5 Hindarsfjall

The best part about tracknig down Ciri is you get to see, visit, and interact with many locales in the game world. After all, Ciri has been to one of the most picturesque provinces in the Skellige Isles, specifically the island of Hindarsfjall with a sizable town of its own. There, she partook in the island's customs such as hot baths, massages, and more.

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Of course, trouble soon followed Ciri and the once peaceful villages in Hindarsfjall got reduced to icy graves by the Wild Hunt. Moreover, Hindarsfjall is one of the places in the game where Yennefer shows her polarizing way of thinking and behaviour - many sad and important memories happened in Hindarsfjall.

4 Oxenfurt

In both the first and second Witcher games, Oxenfurt was mentioned several times and was regarded as a scholarly city where young people of the Northern Kingdoms come to study in colleges. Seeing it in-game is a rewarding fan service for many longtime Witcher fans.

Despite being noticeably smaller than Novigrad, Oxenfurt is packed with all the sophisticated amenities. Even the supposed brothel in Oxenfurt, The Rosebud, is for the more educated taste buds. Don't go looking for it in-game though, it was supposedly cut, perhaps because it didn't suit the atmosphere of the place. In any case, you'll find no shortage of Gwent players in Oxenfurt.

3 Kaer Trolde

The Skellige Isles were often seen as resilient Viking kingdoms in The Witcher 3 that have withstood invasions of kingdoms more advanced than they were. Kaer Trolde, their capital, is both a show of force and a home to the hardy people of Ard Skellige.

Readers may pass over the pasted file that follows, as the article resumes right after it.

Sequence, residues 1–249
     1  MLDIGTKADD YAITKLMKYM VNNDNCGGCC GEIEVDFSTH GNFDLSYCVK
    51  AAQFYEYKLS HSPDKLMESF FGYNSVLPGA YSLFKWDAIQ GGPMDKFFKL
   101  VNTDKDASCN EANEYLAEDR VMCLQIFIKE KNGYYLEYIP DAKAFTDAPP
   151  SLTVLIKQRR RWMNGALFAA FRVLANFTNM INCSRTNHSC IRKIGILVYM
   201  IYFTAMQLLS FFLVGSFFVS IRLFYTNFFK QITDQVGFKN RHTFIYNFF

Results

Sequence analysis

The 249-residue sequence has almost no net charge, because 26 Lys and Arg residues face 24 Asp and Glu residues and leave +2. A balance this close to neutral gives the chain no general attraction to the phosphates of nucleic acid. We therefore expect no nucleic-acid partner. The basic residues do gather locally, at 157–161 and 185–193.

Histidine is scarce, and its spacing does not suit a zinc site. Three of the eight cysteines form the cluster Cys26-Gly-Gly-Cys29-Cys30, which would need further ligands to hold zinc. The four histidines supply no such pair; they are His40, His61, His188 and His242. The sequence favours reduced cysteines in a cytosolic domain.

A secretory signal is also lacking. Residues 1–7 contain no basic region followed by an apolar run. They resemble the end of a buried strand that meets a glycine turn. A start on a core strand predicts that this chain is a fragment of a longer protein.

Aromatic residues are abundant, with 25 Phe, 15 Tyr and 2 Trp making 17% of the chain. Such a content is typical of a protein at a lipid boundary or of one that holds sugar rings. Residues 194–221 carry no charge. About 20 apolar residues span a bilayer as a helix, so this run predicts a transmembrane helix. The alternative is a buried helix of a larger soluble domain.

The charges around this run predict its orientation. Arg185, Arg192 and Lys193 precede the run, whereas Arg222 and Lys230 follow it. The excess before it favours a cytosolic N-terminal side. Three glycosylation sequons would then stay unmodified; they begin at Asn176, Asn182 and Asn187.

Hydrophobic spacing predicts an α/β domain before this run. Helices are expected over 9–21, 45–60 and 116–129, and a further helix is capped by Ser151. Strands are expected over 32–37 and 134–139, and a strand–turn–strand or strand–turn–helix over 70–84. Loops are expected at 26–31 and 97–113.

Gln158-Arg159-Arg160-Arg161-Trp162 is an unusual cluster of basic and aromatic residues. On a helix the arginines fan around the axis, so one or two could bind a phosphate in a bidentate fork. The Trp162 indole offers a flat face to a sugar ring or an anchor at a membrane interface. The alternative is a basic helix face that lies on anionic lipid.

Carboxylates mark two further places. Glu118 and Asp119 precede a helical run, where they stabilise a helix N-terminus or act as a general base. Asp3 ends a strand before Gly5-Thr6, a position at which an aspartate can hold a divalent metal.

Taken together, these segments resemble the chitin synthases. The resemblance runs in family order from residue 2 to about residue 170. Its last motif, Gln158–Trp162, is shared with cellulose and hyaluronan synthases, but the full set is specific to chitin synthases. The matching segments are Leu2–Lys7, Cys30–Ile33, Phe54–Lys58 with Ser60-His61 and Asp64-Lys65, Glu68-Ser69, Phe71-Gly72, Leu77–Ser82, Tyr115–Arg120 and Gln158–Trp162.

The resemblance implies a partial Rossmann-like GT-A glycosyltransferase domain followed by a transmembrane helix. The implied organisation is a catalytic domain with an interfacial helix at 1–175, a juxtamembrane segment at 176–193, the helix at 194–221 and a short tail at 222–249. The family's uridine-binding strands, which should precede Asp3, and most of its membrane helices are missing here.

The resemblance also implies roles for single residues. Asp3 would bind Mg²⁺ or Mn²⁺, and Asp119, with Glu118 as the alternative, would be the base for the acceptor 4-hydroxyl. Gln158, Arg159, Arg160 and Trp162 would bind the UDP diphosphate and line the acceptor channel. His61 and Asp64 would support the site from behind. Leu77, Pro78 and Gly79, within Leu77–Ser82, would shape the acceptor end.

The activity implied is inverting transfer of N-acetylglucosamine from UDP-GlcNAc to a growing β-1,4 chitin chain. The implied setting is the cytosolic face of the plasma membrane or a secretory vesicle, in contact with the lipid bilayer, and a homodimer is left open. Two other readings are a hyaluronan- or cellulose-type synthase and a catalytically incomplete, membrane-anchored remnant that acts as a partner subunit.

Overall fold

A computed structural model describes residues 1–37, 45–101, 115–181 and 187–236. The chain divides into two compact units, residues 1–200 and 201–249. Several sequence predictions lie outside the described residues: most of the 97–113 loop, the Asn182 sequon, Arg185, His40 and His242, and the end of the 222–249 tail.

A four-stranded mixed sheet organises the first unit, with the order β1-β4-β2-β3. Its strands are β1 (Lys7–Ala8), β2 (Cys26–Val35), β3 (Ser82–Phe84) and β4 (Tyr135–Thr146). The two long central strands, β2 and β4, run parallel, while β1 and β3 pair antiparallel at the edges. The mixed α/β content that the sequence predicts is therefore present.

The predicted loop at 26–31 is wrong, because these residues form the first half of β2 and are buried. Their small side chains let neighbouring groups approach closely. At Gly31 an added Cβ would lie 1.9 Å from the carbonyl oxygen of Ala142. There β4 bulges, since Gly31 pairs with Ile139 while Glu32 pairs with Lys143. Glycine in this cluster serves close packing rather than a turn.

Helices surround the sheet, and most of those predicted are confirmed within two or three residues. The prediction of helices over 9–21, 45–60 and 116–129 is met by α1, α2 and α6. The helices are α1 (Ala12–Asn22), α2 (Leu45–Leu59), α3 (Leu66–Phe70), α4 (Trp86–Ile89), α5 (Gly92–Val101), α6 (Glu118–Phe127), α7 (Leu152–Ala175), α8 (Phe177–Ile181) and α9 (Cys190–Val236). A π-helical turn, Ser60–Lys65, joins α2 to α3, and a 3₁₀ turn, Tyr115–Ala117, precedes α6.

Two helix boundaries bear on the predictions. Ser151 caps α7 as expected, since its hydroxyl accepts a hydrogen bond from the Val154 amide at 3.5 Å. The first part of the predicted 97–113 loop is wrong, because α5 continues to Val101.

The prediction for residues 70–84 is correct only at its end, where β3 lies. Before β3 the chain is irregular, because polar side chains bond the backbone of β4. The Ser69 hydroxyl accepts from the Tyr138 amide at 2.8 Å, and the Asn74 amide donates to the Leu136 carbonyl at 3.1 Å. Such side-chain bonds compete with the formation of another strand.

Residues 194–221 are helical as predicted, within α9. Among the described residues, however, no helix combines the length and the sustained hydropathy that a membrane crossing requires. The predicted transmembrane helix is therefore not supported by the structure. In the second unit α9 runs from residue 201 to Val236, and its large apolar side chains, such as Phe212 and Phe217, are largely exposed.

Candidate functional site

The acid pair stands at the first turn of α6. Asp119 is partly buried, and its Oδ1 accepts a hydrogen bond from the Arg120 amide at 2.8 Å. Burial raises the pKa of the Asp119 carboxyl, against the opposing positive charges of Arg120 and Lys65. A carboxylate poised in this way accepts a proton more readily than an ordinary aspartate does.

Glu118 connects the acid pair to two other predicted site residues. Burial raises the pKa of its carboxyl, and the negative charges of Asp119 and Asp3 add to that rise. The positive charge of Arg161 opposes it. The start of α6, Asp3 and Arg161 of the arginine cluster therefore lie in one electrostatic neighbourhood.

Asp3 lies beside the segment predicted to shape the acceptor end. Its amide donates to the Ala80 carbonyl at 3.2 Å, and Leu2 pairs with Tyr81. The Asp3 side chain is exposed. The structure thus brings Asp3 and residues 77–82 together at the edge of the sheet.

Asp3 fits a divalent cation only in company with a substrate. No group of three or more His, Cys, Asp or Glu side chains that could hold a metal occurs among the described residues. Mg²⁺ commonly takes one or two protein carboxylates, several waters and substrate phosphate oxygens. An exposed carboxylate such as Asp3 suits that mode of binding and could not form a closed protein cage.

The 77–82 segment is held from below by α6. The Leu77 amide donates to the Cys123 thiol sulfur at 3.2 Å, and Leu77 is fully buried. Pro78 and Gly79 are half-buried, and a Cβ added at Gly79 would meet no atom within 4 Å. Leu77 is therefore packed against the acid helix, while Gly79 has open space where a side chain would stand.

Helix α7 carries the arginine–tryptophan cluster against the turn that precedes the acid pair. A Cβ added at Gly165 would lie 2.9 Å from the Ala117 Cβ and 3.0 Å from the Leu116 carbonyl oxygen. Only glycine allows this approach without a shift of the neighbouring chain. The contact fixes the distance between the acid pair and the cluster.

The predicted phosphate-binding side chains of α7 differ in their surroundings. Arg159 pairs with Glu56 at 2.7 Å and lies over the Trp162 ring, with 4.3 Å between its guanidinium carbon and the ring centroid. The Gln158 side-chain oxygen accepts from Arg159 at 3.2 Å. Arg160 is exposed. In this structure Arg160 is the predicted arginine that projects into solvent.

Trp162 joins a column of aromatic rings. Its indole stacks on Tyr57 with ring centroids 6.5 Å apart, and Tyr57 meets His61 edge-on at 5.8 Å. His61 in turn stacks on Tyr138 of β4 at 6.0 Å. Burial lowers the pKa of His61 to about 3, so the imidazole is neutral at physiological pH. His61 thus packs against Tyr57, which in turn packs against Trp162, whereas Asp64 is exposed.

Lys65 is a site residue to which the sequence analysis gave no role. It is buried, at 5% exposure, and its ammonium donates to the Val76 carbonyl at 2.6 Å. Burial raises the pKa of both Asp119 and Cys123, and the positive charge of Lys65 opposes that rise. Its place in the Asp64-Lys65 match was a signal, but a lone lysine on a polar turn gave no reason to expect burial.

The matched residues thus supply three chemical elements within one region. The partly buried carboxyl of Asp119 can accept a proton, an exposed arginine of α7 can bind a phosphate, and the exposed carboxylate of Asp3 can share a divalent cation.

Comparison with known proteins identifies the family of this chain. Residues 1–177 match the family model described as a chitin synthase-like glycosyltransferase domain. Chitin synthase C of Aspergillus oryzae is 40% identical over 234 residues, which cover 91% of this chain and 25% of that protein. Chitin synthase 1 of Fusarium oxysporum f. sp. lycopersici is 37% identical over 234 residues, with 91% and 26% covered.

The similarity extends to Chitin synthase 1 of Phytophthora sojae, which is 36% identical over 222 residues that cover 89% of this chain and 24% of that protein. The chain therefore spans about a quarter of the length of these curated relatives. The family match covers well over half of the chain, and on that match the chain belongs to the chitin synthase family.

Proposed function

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It's a castle built near a mountain peak - what could be grander than that? The ambient music in the castle also perfectly matches Kaer Trolde's old and sturdy walls built by generations of Vikings. Why couldn't Geralt have settled there instead?

2 Novigrad

There it is, the jewel of the Northern Realms, Novigrad. It's the largest city in-game and puts others to shame. You can feel the mud, the poverty, and the fear of the citizens due to the witch hunts and the war, all while the wealthy sit comfortably playing Gwent near the top of the city.

Novigrad is a medieval dark fantasy city done right. Novigrad is actually a neutral city with 30,000 inhabitants (looking at the civilian density in-game, it's not hard to believe that number). It's such an important city in the video game industry and in The Witcher 3 that entering Novigrad for the first time is bound to be unforgettable.

1 Beauclair

Despite Novigrad's two-sided nature and dense population, it just manages to miss being crowned the best city in The Witcher 3. No, that title goes to Beauclair in Toussaint, accessible only in the Blood and Wine expansion for the game. It's the video game equivalent of Disneyland, where everything is beautiful on the surface.

After a short walk along the streets of Beauclair as Geralt, you can almost feel the warm sunlight, smell the grapes, and hear the medieval fanfare as if you're touring a high-fantasy version of feudal France. For a moment, Beauclair can make you forget that you're actually a Witcher and instead make you feel like a wine-tasting fantasy knight. Until the monsters come out, that is.